The Port Arthur News
Matt Damon’s latest film, “Promised Land,” is a solid personal drama that should stir up some passion thanks to its environmental underpinnings. At first glance, the film seems like it’s gearing up to deliver a pro-farming, anti-energy drilling statement, but in something of a surprise, the story takes a neutral stance on the issue right up until the final moments. I suspect that neutrality will leave both the pro-business and the pro-environment audiences disappointed that the film didn’t focus more on its controversial subject matter.
Damon plays Steve, a down-home guy who works for Global Energy, a natural gas exploration company that sends him in to small communities to convince local farmers to allow them to drill on their land. Steve is very good at his job; he’s something of a farm boy himself, and he’s poised to sign up most of the farmers and move on to the next town.
Things take an unexpected turn when the high school science teacher (Hal Holbrook) doesn’t swallow the company line about the extraction method of fracking being safe for the land. Then an environmental activist (John Krasinski) rolls into town and immediately charms the locals, including the attractive school teacher (Rosemarie DeWitt) who had been flirting with Steve.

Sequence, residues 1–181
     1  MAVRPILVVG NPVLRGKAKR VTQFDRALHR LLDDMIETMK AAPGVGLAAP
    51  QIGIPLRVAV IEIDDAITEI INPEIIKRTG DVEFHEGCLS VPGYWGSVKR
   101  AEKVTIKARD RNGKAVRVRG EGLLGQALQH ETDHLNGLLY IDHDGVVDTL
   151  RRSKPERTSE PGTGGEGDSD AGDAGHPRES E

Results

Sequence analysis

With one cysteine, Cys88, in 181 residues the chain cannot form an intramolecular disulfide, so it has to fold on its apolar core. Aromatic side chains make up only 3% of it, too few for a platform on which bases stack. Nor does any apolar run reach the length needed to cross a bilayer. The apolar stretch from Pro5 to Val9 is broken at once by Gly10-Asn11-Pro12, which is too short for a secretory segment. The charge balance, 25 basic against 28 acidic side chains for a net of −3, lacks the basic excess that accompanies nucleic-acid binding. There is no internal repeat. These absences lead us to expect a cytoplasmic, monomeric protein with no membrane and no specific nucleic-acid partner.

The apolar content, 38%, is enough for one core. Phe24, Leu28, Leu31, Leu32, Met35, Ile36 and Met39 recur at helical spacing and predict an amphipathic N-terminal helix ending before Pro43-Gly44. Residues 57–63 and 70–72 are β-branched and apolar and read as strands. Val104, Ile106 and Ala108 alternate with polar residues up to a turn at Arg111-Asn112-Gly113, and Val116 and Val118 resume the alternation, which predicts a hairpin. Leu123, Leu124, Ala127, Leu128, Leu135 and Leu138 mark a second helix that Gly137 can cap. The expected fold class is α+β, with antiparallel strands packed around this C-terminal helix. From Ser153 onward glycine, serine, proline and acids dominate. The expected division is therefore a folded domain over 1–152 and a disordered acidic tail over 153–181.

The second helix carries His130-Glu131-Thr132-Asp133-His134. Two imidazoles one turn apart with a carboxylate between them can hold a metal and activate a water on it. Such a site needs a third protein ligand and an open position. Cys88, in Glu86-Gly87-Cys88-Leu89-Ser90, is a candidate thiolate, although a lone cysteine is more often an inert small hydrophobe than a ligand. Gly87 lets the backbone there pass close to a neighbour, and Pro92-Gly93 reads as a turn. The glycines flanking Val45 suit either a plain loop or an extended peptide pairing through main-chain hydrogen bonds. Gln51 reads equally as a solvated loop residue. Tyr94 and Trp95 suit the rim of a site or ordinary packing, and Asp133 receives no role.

Suddenly Steve is asking himself how far he’ll go in order to win back the townsfolk. He keeps telling himself that he’s “not a bad man,” but his job is giving him doubts. He’s afraid that career success might actually doom the town, even though the town is on the verge of economic collapse anyway.
It’s interesting that “Promised Land” isn’t really about the practice of fracking, but it focuses instead on the personal and professional conflict of the main character. That makes for a pretty good drama, and Damon is as charismatic and as charming as always. The problem is that the film delivers a last second surprise announcement that makes you forget about all the previous good work. It’s as if the filmmakers tacked on the surprise ending so they could make a last second political statement, but it doesn’t feel germane to the rest of the plot.
“Promised Land” ends up being an OK drama with a nice performance by Damon. The supporting cast is generally good as well, but they do tend to disappear for long stretches of the movie. The film is engaging and even though-provoking, right up until the surprise ending, where unfortunately, everything falls apart. Ultimately, “Promised Land” is OK, but nothing special.
Movie reviews by Sean, “The Movie Guy,” are published bi-weekly in “The Port Arthur News” and seen weekly on KFDM-TV and KBOI 2-TV. Sean welcomes your comments via email at firstname.lastname@example.org.